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A tribute to Don Stout

By Dale Basinger
Contributed to the Salisbury Post
“Here’s a trivia question for you,” Don Stout would say ó whether we were in a car driving to Gettysburg or an airplane flying to Chicago.
“Who played center field for the 1965 American League pennant-winning Minnesota Twins and was born in Mt. Holly, N.C.?”
Don Stout was a friend of mine and many others. We had in common a love for baseball and history. We were both teachers of social studies and our paths crossed at Catawba sporting events and American Legion games before we traveled together to big-league ballgames and museums.
Don died Jan. 14, 2007, and if a baseball game isn’t going on in heaven, then it wouldn’t be heaven for Don.
Before you could “Google” to get instant information, Don was a walking encyclopedia when it came to baseball, history and rock ‘n’ roll.
“Who was vice president during Lincoln’s first administration?” Stout might ask on the spur of the moment.
Watching the Braves play the Cincinnati Reds in 1989 was our first baseball trip together. Ben Poston, my son John, Don, and I traveled by car and stayed a short walk from Fulton County Stadium. We saw John Smoltz pitch and Pete Rose manage the Reds during a rainy two days and nights.
I convinced Don to fly with me in 1990 to the Baseball Hall of Fame in Cooperstown, N.Y., as well as the Basketball Hall of Fame in Springfield, Mass. After flying into Connecticut, we rented a car and drove to both Halls of Fame. I made it a point to do the driving because Don scared me when he drove. With his thick, Coke-bottle glasses, he would often confuse an infield pop-up for a home run.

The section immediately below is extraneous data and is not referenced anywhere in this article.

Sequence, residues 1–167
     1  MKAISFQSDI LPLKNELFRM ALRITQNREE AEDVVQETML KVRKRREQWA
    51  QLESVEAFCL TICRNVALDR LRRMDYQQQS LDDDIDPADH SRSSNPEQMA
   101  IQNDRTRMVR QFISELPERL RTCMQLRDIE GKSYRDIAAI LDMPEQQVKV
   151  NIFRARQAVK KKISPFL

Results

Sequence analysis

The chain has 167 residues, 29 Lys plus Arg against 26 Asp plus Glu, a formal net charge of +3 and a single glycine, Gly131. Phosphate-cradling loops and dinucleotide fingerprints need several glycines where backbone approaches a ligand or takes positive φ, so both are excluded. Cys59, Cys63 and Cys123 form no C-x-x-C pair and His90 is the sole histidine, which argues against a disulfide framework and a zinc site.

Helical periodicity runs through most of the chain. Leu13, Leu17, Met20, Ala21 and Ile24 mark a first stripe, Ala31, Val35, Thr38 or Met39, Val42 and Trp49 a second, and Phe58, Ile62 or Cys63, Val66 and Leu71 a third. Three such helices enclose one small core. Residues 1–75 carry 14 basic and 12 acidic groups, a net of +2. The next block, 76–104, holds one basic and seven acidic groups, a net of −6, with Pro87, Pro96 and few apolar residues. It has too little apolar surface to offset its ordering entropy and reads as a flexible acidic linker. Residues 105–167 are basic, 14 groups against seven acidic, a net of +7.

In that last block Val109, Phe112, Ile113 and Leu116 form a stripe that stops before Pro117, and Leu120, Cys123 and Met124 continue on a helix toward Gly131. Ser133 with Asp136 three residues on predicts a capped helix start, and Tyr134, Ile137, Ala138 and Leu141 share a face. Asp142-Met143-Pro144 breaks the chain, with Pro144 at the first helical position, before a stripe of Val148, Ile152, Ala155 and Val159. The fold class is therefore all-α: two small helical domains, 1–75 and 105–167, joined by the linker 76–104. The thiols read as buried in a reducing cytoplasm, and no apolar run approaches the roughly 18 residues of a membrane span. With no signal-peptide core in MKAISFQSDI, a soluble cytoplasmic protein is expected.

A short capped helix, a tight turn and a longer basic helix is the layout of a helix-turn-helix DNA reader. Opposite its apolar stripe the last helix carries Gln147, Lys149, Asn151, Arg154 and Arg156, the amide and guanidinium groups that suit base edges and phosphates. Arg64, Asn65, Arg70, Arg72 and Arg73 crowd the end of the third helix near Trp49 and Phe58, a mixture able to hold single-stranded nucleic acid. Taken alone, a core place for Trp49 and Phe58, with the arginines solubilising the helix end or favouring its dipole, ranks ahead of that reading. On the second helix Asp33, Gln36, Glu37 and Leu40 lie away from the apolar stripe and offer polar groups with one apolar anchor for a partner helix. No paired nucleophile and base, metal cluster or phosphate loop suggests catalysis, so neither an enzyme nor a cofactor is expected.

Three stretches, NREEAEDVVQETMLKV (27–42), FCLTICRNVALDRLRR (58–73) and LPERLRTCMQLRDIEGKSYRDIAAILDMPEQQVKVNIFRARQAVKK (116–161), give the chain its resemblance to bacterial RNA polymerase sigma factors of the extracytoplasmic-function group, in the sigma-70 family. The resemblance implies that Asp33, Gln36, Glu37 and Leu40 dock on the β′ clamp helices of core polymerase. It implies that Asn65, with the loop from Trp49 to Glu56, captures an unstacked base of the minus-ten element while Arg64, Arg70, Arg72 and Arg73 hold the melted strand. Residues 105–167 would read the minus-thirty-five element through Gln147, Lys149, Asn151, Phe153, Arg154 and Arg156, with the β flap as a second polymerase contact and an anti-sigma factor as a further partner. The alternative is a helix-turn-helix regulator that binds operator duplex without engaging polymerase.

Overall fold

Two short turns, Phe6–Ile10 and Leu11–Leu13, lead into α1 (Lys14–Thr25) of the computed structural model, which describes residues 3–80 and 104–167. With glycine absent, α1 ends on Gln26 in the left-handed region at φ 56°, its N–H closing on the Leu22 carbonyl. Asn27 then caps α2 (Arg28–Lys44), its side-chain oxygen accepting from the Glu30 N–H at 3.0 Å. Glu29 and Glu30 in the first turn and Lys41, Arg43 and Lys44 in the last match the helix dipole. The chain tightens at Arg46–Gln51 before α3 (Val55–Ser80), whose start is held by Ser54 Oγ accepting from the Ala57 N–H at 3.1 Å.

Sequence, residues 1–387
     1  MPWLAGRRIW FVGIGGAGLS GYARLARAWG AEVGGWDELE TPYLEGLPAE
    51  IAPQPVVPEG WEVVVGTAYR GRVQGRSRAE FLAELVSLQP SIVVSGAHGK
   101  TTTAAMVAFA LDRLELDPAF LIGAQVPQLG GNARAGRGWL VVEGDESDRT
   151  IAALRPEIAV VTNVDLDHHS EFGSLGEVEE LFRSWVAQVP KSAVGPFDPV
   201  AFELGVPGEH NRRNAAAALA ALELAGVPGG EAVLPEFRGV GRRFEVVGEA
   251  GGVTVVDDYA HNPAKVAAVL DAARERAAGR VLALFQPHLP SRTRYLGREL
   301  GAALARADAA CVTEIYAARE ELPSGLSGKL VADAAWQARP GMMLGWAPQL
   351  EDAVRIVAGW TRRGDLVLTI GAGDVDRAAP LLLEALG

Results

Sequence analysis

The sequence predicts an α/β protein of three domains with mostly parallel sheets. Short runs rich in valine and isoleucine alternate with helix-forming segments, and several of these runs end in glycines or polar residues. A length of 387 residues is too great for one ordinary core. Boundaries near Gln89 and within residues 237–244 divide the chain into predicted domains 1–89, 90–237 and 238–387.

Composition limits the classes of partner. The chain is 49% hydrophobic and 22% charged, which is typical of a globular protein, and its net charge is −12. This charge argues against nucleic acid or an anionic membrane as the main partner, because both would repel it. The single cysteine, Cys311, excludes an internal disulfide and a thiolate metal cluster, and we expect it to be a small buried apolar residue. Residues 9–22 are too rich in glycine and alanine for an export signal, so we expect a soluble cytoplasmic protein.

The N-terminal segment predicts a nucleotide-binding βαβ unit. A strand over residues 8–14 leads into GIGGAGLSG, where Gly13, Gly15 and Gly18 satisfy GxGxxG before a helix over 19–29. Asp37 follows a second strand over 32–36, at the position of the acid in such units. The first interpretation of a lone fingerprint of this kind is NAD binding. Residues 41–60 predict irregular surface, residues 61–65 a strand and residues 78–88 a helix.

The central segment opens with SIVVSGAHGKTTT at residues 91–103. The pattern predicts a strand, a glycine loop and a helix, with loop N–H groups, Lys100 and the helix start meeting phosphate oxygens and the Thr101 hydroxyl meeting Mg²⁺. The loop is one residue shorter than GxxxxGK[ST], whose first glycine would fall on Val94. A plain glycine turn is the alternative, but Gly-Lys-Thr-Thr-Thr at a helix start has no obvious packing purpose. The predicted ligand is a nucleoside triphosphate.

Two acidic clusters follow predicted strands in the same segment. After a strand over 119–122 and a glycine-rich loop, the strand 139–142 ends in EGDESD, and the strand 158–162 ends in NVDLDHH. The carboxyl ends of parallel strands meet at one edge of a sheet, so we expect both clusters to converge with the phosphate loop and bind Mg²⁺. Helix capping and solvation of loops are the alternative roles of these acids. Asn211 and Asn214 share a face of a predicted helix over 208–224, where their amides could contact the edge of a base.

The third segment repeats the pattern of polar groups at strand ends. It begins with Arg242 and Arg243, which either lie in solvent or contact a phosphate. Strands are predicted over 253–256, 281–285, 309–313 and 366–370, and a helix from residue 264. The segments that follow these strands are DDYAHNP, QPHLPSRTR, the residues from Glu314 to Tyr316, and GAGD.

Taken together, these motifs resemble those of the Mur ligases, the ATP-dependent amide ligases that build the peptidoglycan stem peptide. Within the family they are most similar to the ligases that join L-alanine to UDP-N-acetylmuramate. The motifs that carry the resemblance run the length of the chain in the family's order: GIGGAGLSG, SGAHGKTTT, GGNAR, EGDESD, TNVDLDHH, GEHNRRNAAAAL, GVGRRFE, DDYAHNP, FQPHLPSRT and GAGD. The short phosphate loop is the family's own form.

We stayed at a bed-and-breakfast in Cooperstown and spent all day in the Hall of Fame. Don proclaimed to all: “We had to be run out of the place when they closed at 9 o’clock.”
The following summer, my wife again allowed me to travel with Don, this time to Chicago where his friend, Charles Welch, got us tickets to see both the Cubs and White Sox. Wrigley Field was a magical place for us as we got to see the Cubs beat the Giants 3-2. For years, Don would remind me George Bell and Andre Dawson both homered in that game for the Cubs.
Besides not being able to see the flight of the ball well, Don couldn’t stay in his seat any length of time. He had to get up to get something to eat every other inning and spent more on refreshments than his ticket. Eating was a priority for Don, a diabetic, and nothing would deter him from three square meals a day ó plus snacks.
When we traveled up north, Don would always ask a waitress if they had grits for breakfast, and she would always tell him no. When we paid $12.95 for a buffet breakfast at the Marriott Hotel at Copley Square in Boston in 1995 he was outraged we paid that much for breakfast and they did not have grits.
We made historical trips as well ó Gettysburg, Antietam, Fort McHenry and Harper’s Ferry. Don kept the trivia questions coming.
“Hey, Dale, What was the shortest recording ever to reach No. 1 on the Billboard Hot 100 chart?”